Researcher says whooping cough vaccines effective, despite outbreaks

by Karen N. Peart
Researcher says whooping cough vaccines effective, despite outbreaks
Credit: Shutterstock

(Medical Xpress)—Despite recent outbreaks of pertussis (whooping cough)—a highly contagious bacterial disease that is preventable by the current pertussis vaccines—Yale researcher Dr. Eugene Shapiro maintains in an editorial that the vaccines are effective and should still be administered.

Shapiro said that although acellular vaccines may be suboptimal, they are still quite effective and should be focused on pregnant women, infants, and caregivers. "It is most important to try to protect infants, who have the most severe illnesses and highest mortality from pertussis," said Shapiro, professor of pediatrics. "The highest rates of both hospitalizations and deaths from pertussis occurred in children younger than two months."

The resurgence of pertussis in the United States, even among those who have been vaccinated in the past, has led many experts to question the long-term duration of immunity. Published in the Nov. 28 issue of (), Shapiro's editorial stresses that while there is speculation that the outbreak is linked to the vaccine's waning immunity over time, there is no definitive evidence that this is the primary or sole reason for increases in reported cases of pertussis.

The original whole-cell pertussis vaccine DTwP, which also included vaccines against and tetanus, was introduced for in the 1940s. But acellular combination pertussis vaccines (DTaP) replaced DTwP in the early 1990s because the whole-cell vaccine had high rates of side-effects such as fever and inflammation at the injection site. DTaP uses purified components to reduce side-effects, but Shapiro said there is not enough data on the duration of the DTaP vaccine's immunity.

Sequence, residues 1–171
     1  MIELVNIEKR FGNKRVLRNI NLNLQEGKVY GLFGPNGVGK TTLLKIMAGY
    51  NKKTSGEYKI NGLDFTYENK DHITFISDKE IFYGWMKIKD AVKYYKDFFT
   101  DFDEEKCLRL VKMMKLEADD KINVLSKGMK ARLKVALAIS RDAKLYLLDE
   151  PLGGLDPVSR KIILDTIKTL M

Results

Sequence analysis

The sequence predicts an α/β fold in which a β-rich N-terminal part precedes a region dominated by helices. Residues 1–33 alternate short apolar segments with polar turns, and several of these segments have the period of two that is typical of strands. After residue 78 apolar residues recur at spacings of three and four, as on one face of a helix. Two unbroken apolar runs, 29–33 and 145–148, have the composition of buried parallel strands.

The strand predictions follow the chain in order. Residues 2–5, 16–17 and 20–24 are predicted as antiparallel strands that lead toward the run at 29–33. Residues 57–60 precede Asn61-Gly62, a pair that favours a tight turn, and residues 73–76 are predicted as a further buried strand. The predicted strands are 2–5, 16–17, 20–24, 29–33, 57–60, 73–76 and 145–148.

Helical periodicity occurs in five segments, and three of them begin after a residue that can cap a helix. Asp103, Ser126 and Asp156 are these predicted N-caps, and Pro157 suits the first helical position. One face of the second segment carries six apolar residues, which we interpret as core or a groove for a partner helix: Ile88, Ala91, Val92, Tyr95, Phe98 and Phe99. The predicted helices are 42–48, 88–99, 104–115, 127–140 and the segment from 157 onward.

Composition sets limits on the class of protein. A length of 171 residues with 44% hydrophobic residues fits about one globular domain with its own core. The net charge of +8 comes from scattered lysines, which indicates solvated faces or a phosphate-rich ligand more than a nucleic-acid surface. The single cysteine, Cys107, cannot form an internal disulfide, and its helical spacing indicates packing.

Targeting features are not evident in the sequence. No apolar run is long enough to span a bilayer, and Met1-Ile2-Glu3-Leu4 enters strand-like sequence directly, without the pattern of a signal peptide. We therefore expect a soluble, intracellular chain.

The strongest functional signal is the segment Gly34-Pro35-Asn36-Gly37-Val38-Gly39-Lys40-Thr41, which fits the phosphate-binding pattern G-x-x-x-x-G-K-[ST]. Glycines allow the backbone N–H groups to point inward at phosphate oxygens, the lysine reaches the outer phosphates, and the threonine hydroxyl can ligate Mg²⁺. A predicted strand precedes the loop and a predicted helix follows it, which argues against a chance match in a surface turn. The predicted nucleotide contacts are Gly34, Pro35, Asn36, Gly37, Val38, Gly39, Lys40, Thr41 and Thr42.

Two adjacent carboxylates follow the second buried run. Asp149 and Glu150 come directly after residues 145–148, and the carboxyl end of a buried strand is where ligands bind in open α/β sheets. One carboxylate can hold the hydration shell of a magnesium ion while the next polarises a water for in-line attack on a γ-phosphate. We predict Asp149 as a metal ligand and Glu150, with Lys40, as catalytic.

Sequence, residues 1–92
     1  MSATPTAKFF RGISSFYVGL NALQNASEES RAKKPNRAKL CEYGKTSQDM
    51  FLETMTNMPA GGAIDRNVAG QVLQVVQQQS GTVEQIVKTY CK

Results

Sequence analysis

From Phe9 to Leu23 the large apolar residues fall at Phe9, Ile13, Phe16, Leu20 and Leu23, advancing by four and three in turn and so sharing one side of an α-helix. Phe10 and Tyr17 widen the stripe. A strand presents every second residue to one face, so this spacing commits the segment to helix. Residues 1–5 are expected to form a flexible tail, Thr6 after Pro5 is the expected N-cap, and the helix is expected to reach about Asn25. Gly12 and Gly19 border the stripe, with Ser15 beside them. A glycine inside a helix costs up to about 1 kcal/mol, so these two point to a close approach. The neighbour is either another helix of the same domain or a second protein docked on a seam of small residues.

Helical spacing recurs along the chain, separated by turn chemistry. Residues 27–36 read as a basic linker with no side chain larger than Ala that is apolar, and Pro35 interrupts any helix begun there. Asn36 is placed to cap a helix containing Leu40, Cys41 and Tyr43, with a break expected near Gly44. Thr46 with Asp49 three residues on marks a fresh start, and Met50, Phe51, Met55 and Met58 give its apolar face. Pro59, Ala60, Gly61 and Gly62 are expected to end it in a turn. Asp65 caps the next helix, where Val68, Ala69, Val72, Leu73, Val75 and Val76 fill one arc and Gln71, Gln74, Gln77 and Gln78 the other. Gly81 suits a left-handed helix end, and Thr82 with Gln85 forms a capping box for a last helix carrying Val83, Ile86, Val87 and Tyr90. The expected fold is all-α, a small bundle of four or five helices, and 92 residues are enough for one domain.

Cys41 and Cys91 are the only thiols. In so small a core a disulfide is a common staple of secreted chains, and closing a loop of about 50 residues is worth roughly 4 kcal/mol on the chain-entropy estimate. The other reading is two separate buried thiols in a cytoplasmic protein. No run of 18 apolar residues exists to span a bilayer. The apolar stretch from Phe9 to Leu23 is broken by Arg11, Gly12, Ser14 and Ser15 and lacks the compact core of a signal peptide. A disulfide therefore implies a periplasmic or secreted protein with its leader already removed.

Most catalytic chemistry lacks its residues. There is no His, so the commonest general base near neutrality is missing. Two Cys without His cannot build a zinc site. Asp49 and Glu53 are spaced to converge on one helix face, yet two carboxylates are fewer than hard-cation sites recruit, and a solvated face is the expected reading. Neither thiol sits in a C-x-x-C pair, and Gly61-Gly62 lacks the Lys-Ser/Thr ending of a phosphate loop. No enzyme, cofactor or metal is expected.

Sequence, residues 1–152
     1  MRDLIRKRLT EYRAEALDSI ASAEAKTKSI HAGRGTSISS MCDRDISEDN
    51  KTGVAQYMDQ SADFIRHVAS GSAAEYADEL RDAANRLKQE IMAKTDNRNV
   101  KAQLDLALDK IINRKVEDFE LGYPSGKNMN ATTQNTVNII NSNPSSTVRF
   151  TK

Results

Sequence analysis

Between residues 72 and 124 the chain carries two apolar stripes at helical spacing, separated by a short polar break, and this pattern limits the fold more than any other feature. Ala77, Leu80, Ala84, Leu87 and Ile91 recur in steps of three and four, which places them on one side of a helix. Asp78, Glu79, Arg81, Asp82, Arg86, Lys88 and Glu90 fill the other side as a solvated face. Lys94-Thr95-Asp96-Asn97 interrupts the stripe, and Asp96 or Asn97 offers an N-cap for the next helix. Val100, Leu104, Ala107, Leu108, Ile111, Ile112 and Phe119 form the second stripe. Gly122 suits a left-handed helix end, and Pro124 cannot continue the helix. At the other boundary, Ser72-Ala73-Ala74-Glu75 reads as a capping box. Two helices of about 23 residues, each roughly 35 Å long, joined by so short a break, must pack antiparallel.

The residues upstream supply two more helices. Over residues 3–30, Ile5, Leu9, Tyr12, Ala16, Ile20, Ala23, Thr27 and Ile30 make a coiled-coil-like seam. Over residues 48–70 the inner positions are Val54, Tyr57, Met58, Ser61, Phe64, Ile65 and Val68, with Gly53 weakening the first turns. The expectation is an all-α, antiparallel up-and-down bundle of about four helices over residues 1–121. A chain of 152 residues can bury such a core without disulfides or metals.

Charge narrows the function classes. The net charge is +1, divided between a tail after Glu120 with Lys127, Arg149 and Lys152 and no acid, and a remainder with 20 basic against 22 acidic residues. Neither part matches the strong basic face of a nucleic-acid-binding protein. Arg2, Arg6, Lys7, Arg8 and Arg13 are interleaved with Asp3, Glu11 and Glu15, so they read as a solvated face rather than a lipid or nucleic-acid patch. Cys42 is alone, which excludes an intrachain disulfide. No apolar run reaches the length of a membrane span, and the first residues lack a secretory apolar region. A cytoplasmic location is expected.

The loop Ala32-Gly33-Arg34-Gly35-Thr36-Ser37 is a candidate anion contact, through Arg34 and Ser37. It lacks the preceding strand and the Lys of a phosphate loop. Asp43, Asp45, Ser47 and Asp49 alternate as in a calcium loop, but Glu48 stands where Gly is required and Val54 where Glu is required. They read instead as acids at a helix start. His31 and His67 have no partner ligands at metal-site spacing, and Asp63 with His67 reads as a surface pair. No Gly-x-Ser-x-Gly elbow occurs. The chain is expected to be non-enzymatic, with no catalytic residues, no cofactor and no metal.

"There have been periodic outbreaks in the past even with the whole cell vaccine, so there is no way to know for sure that the outbreaks are linked to the accelular vaccine," he said. "There is no definitive evidence as to why there are increased outbreaks, and there may be multiple reasons for it."

More information: JAMA, Vol. 308, No. 20  (November 28, 2012).

add to favorites email to friend print save as pdf

Related Stories

Recommended for you

Evidence-based recs issued for systemic care in psoriasis

9 hours ago

(HealthDay)—For appropriately selected patients with psoriasis, combining biologics with other systemic treatments, including phototherapy, oral medications, or other biologic, may result in greater efficacy ...

Bacteria in caramel apples kills at least four in US

10 hours ago

A listeria outbreak believed to originate from commercially packaged caramel apples has killed at least four people in the United States and sickened 28 people since November, officials said Friday.

Steroid-based treatment may answer needs of pediatric EoE patients

10 hours ago

A new formulation of oral budesonide suspension, a steroid-based treatment, is safe and effective in treating pediatric patients with eosinophilic esophagitis (EoE), according to a new study in Clinical Gastroenterology and Hepatology, the official clinical practice journal ...

Discovery of genes that predispose a severe form of COPD

12 hours ago

A study by Ramcés Falfán-Valencia, researcher at the National Institute of Respiratory Diseases (INER), found that the mestizo Mexican population has a number of variations in certain genes that predispose ...

On the environmental trail of food pathogens

13 hours ago

Tracking one of the deadliest food contamination organisms through produce farms and natural environments alike, Cornell microbiologists are showing how to use big datasets to predict where the next outbreak could start.

User comments

Adjust slider to filter visible comments by rank

Display comments: newest first

drdale
not rated yet Nov 29, 2012
ARE YOU SURE? YOU GUYS CAN'T GET ANY SIGNIFICANT AND VALID STUDIES DONE ON VACCINES AND THOSE DONE ON PERTUSSIS ARE DEFINITELY LACKING. LET ME SEE ACTUAL DOUBLE BLIND STUDIES AND I WILL RECONSIDER.

Please sign in to add a comment. Registration is free, and takes less than a minute. Read more

Click here to reset your password.
Sign in to get notified via email when new comments are made.